Tuesday, 23 August 2016 12:46

Aiding the Skin’s Nighttime Renewal Process

Written by   Hal Simeroth, Ph.D., founder and CTO of Stemology

Sleep is a rejuvenating time for the body, mind, and spirit. It is a necessary part of the daily cycle of living. If a person is deprived of adequate sleep time – seven to eight hours nightly – they risk additional stress and premature aging, which is reflected in the skin's appearance.

Restoration and Renewal
Scientific evidence supports the connection between sleep and skin aging. While the body is at rest and asleep, many of the processes that go about repairing the damage of the day are set in motion.

While asleep, the body's nervous system switches to a parasympathetic state, which creates increased circulation and oxygen flow to the skin. Because of this increased blood and oxygen flow, internal repair and production activity in the skin is heightened. During certain cycles of sleep, skin cell regeneration almost doubles. This renewal is very important in replacing the epidermal protein sloughed off during the day due to normal exfoliation. It is necessary to keeping the skin from thinning and to maintaining a youthful glow.

The breakdown of collagen and hyaluronic acid in the extracellular matrix of the skin, which often occurs during the day, is replenished during sleep, when replacement production happens at a higher level. Increased collagen and hyaluronic acid production helps to keep wrinkles away and keeps the skin firmer and better hydrated.

While sleeping, the body's hydration rebalances. Because of all the regenerative activity in the skin happening during sleep, the skin will lose about 25 percent more water overnight than it does during the day. Thus, the skin can become somewhat dehydrated during the night. Other contributing factors include the lack of rehydration that occurs during the day and the increased water requirement due to renewal activity during sleep.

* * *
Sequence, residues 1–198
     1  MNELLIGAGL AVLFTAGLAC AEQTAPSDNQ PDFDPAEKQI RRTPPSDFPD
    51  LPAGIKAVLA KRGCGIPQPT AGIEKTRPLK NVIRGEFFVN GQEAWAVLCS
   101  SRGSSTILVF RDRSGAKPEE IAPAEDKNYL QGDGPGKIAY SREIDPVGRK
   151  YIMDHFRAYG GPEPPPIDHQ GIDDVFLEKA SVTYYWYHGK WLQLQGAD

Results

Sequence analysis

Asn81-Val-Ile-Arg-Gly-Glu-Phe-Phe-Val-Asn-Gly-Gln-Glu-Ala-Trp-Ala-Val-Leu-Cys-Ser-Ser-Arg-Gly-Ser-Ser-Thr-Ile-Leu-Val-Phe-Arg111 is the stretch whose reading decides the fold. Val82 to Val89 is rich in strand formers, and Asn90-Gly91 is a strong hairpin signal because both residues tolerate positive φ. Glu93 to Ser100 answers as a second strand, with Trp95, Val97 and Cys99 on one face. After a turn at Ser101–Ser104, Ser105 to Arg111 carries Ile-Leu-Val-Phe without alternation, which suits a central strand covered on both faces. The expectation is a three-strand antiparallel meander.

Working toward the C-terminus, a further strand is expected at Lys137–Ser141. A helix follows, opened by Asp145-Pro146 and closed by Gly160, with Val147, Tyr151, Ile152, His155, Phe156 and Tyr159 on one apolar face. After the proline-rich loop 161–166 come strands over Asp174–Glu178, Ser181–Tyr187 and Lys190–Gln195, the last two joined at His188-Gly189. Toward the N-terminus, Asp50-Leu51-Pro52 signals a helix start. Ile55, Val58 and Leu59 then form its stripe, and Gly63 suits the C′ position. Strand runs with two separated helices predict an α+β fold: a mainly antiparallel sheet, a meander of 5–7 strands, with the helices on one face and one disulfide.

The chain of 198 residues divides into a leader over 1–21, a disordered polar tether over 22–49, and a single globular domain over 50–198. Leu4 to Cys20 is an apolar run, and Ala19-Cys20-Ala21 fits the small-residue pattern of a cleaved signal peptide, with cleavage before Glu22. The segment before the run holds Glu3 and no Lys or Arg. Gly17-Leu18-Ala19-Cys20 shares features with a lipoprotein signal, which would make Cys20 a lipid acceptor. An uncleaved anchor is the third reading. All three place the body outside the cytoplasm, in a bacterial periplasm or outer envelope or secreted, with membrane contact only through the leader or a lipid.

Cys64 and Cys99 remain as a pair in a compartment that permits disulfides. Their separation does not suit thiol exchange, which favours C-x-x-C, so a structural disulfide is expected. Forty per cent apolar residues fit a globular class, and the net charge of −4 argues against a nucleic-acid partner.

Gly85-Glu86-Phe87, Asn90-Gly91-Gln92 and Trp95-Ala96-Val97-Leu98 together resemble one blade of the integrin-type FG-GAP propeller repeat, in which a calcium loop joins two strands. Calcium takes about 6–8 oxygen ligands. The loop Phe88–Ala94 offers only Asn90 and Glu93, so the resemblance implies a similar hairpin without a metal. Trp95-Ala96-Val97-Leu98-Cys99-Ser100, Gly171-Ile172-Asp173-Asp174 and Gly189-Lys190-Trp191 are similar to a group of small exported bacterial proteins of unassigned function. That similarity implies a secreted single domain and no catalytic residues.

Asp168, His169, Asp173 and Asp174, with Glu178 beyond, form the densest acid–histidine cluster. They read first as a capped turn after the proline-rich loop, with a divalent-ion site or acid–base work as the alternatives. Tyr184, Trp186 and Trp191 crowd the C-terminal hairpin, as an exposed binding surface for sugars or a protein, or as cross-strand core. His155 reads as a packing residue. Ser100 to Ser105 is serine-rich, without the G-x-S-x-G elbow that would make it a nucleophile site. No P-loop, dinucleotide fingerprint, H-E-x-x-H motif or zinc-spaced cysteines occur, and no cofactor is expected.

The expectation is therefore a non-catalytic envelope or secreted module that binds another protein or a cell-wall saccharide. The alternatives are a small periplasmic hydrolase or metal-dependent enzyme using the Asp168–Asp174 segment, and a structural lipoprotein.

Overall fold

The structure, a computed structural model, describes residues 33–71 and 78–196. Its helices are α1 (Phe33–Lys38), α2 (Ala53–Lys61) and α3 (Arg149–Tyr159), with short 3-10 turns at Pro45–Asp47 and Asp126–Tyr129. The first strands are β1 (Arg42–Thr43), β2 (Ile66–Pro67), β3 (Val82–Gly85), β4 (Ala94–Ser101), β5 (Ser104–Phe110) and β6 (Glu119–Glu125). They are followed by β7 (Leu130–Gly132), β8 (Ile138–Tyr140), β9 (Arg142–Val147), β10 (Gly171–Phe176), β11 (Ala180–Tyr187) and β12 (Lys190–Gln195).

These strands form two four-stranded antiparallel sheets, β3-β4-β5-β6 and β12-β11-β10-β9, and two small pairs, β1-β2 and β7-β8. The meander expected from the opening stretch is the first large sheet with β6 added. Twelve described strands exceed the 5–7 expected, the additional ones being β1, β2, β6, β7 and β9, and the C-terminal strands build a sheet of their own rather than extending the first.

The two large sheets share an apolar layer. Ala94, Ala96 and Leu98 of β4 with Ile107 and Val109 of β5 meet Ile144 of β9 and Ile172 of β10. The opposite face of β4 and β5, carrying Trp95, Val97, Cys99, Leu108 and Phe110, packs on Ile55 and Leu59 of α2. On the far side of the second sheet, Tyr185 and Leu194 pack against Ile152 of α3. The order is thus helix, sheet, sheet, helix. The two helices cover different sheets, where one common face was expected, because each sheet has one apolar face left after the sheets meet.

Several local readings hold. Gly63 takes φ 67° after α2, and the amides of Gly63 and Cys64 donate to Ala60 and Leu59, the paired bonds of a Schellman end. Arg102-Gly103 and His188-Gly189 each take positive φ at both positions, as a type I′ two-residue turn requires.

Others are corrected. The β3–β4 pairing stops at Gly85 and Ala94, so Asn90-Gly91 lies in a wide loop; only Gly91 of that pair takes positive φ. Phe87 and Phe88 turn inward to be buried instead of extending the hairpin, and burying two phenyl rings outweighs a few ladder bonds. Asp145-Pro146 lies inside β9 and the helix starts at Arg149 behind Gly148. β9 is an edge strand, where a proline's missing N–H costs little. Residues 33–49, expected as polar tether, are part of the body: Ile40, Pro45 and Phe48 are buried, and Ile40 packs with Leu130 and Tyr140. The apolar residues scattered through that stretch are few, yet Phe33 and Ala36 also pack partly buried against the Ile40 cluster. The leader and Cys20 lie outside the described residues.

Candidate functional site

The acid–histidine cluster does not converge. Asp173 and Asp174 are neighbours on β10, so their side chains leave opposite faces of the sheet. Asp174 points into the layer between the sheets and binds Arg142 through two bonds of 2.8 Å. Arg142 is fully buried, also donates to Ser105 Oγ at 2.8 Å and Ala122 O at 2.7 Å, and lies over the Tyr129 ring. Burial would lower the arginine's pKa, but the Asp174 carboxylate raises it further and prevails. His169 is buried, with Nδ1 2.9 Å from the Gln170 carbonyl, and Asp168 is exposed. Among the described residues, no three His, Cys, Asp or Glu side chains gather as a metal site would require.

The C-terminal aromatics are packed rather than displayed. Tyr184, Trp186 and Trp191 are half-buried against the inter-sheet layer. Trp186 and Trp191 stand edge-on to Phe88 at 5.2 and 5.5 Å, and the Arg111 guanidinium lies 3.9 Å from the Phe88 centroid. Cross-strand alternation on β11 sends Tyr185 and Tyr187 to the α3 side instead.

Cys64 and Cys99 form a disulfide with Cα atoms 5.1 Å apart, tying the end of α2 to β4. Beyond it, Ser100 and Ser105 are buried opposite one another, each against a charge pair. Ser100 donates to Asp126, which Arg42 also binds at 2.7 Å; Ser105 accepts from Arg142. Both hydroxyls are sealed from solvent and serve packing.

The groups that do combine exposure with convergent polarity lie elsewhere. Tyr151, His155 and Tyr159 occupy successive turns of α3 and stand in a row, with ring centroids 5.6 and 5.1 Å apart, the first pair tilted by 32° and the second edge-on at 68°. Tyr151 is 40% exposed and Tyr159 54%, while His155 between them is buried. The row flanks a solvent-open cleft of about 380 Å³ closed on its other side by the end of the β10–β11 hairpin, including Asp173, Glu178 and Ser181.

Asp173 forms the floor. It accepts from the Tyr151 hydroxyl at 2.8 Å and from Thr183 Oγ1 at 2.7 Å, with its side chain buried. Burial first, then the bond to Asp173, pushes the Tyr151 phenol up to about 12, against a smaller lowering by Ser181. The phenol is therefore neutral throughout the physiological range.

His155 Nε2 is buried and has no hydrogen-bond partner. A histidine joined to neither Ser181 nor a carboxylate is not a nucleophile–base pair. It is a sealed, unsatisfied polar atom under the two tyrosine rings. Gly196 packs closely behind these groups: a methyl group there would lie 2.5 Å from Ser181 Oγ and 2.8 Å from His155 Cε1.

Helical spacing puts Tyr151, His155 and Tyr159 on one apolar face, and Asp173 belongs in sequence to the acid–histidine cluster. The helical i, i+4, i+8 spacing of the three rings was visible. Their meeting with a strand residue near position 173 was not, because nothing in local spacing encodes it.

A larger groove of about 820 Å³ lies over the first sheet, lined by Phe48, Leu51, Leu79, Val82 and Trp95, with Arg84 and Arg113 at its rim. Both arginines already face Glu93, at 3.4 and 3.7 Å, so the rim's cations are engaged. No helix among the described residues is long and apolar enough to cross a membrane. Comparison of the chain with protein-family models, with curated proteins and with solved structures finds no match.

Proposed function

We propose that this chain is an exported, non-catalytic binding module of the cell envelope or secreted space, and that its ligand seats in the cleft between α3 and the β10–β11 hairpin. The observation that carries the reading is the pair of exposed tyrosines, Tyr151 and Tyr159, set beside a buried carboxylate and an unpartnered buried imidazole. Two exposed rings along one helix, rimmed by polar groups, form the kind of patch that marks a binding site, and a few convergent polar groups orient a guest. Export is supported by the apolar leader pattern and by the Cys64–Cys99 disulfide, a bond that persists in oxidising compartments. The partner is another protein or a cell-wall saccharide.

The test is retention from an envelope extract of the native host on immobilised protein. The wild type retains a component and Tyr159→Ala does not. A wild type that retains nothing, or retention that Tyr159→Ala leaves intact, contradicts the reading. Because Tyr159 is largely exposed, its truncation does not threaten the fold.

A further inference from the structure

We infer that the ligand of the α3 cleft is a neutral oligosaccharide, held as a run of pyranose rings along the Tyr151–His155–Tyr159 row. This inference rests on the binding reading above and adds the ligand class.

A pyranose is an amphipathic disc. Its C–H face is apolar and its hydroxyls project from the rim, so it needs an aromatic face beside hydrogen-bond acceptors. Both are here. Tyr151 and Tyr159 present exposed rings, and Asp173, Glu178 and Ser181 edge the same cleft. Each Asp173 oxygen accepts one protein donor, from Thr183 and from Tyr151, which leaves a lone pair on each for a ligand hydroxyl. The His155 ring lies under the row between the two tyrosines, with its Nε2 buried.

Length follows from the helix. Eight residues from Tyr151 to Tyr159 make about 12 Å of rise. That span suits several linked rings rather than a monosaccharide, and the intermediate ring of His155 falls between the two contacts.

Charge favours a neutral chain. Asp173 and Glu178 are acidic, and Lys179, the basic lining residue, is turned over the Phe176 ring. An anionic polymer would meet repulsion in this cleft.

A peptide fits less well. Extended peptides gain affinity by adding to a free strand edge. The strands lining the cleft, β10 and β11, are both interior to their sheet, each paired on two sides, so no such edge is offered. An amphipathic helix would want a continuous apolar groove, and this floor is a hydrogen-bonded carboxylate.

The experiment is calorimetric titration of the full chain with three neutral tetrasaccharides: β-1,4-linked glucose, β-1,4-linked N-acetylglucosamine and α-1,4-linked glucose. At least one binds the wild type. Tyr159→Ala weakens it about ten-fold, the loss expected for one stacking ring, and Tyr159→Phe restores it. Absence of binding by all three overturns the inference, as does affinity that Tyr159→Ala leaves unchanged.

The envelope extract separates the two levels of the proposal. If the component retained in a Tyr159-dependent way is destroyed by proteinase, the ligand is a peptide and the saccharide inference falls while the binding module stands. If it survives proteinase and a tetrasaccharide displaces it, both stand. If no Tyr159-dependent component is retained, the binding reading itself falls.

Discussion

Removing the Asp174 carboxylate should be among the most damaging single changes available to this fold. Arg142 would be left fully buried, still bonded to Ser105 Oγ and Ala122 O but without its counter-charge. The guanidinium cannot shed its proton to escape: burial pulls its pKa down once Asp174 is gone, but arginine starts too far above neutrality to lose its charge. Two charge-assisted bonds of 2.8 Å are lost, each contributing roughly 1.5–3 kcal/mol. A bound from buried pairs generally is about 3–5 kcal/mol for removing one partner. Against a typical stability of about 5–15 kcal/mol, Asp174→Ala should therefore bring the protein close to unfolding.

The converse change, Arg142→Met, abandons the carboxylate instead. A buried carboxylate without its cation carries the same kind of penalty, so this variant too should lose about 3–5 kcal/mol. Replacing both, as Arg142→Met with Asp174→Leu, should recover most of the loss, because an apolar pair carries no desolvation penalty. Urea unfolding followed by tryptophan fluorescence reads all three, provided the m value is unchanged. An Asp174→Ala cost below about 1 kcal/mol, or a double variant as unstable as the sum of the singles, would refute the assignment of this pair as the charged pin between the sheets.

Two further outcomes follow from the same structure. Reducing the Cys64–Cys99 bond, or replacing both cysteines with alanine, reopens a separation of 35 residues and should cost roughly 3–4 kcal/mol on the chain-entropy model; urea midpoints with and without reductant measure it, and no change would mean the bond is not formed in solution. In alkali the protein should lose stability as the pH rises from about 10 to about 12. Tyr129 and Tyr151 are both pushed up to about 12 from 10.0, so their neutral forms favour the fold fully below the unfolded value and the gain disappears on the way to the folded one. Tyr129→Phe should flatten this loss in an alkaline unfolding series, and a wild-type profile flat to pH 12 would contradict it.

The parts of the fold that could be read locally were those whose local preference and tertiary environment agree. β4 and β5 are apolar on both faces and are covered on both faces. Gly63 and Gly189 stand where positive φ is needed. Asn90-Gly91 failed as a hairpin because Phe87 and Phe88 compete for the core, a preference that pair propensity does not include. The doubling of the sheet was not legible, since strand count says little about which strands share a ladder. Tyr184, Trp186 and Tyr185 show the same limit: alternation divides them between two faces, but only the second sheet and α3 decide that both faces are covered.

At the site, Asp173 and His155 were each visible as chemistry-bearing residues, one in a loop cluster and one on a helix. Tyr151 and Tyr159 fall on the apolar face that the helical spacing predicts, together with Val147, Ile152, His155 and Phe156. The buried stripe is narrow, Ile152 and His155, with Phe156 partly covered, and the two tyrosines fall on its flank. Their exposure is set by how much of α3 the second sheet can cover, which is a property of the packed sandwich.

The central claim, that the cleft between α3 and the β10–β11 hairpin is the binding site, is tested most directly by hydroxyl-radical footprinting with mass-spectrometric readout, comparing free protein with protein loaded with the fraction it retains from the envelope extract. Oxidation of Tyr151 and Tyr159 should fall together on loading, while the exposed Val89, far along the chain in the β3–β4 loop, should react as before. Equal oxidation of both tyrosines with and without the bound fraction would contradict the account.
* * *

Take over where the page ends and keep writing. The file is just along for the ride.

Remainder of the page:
When a person is removed from the environmental stresses of the day, the body works overtime to repair damage from the day's pollution, sun, and stress. For the skin, this reparation means quenching free radicals by means of antioxidant activity, removing toxins absorbed in the skin, and reducing inflammation that may have increased from the day's activities.

There are two key times when human growth hormone is secreted by the pituitary gland: right after heavy physical activity and during certain sleep cycles of the night. Human growth hormone is the master hormone in preventing aging. It stimulates all of the organs of the body toward renewal, including the skin. Since it is secreted during sleep, it is obvious that the repair and renewal process of the skin, in order to fight aging, will also be at its highest activity level.

Given all of this activity within the skin that occurs during sleep, it stands to reason that an anti-aging skin care regimen could capitalize on the natural objectives of the skin at the perfect time of the daily cycle of repair and renewal. Ideally, the best nighttime skin care product would be one that provides outstanding hydration by all possible means, a rich suite of antioxidants to assist with environmental damage of the day, effective and gentle exfoliation to assist in skin turnover, and growth-assisting peptides and amino acids that will help increase skin and collagen growth activity.

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